Three sheets of karst limestone defiantly protrude from the North Atlantic, just an hour’s boat ride off the west coast of Ireland. The sea is calm today as we approach Inishmore, the most-visited of these island outposts, collectively known as the Aran Islands.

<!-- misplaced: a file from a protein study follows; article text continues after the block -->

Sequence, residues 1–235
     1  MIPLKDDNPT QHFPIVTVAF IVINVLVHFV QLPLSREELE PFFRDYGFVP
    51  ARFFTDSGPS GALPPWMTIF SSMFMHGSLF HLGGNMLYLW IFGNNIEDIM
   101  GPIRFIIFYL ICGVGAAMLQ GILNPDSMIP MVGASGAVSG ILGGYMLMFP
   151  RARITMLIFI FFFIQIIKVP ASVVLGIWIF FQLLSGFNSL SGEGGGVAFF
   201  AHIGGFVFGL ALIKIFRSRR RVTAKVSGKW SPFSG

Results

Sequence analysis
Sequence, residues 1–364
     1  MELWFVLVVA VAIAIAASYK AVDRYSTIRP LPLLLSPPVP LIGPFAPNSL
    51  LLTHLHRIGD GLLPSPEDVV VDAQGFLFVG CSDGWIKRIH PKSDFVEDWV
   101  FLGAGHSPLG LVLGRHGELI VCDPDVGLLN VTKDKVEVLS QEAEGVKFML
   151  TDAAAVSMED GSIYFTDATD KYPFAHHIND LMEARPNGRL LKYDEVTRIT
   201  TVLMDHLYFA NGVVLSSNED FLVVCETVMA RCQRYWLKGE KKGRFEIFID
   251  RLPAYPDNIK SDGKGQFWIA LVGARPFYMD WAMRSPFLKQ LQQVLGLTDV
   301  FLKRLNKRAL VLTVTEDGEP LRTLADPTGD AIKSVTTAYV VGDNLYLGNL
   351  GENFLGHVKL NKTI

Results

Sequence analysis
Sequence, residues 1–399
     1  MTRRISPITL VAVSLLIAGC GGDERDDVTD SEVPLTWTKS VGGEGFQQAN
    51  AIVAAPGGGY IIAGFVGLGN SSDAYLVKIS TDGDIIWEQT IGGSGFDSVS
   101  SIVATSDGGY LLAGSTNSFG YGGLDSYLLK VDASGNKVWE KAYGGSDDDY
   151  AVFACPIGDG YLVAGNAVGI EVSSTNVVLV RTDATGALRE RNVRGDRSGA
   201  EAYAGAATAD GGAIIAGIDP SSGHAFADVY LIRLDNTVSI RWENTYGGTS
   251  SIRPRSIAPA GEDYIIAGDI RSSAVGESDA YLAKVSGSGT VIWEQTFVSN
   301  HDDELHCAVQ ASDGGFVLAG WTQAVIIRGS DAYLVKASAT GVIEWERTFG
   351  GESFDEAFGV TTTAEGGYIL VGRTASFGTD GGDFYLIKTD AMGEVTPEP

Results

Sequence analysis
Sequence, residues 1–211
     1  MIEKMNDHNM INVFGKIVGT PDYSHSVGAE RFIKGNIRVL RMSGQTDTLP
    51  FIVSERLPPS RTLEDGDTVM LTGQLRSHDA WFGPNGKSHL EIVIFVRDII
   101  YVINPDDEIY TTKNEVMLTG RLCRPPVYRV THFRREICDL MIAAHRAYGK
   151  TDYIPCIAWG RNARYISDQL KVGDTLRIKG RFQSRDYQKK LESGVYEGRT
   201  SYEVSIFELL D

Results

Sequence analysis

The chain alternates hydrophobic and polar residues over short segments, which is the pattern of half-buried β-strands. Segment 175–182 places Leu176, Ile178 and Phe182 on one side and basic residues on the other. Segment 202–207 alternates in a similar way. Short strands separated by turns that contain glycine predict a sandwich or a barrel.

Today, tourists well outnumber the local population that traditionally relies on farming and fishing. Fishing, we are told by a local guide, has suffered under European Union restrictions. And it is clear to see why farming might be limited. That it exists at all is made possible by a soil concoction of sand and seaweed laid on the limestone base. Continue reading